Carrier-grade networks comprise several layers where different protocols coexist.
Nowadays, most of these networks have different control planes to manage routing on
different layers, leading to a suboptimal use of the network resources and additional
operational costs. However, some routers are able to encapsulate, decapsulate and
convert protocols and act as a liaison between these layers. A unified control plane
would be useful to optimize the use of the network resources and automate the routing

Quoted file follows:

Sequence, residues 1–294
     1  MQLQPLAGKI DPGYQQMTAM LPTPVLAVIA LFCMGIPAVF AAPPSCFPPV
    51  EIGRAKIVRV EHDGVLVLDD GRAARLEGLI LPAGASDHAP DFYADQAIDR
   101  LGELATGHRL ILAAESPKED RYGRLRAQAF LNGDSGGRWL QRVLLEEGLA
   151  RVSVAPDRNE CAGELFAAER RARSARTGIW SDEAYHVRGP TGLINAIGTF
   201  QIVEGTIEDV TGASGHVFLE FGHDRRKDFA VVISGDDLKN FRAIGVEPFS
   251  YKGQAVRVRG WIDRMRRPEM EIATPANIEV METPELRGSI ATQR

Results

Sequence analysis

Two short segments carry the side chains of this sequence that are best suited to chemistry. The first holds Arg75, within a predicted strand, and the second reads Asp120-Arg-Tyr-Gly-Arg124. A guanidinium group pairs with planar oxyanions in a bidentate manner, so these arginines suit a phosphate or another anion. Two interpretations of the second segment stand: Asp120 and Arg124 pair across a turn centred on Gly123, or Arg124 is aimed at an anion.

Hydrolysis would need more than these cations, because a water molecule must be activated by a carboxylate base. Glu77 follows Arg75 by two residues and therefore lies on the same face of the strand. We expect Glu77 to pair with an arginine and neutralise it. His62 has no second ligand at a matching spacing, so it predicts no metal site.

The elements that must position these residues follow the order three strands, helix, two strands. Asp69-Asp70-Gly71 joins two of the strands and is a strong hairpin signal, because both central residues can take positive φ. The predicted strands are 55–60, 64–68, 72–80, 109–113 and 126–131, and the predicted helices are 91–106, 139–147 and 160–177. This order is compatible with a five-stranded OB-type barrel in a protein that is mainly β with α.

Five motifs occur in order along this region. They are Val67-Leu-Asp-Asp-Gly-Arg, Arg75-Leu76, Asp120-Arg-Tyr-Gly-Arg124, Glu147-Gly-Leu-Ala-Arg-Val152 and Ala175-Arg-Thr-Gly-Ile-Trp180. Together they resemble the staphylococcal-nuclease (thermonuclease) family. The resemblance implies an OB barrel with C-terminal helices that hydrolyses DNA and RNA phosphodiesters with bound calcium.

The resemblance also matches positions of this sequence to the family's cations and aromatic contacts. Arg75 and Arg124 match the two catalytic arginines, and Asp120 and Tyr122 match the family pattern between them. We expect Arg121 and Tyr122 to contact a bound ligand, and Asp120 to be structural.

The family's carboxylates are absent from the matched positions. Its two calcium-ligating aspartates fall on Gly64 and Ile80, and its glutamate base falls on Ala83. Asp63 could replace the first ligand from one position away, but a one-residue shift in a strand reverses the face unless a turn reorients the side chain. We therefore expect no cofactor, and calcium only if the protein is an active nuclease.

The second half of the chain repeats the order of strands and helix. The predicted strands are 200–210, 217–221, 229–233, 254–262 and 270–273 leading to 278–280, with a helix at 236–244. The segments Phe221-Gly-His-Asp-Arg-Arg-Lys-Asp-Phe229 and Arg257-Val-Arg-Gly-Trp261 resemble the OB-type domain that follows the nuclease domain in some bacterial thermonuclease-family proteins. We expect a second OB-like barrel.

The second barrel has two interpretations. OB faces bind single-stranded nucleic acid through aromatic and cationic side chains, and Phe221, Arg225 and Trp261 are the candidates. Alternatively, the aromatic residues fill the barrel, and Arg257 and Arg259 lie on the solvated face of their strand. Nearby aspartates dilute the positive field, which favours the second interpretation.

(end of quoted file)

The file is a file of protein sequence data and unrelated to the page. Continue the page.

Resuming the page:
configurations. Software-Defined Networking (SDN) based architectures, such as OpenFlow,
offer a chance to design such a control plane. One of the most important problems
to deal with in this design is the path computation process. Classical path computation
algorithms cannot resolve the problem as they do not take into account encapsulations
and conversions of protocols. In this paper, we propose algorithms to solve this problem
and study several cases: Path computation without bandwidth constraint, under bandwidth
constraint and under other Quality of Service constraints. We study the complexity
and the scalability of our algorithms and evaluate their performances on real topologies.
The results show that they outperform the previous ones proposed in the literature.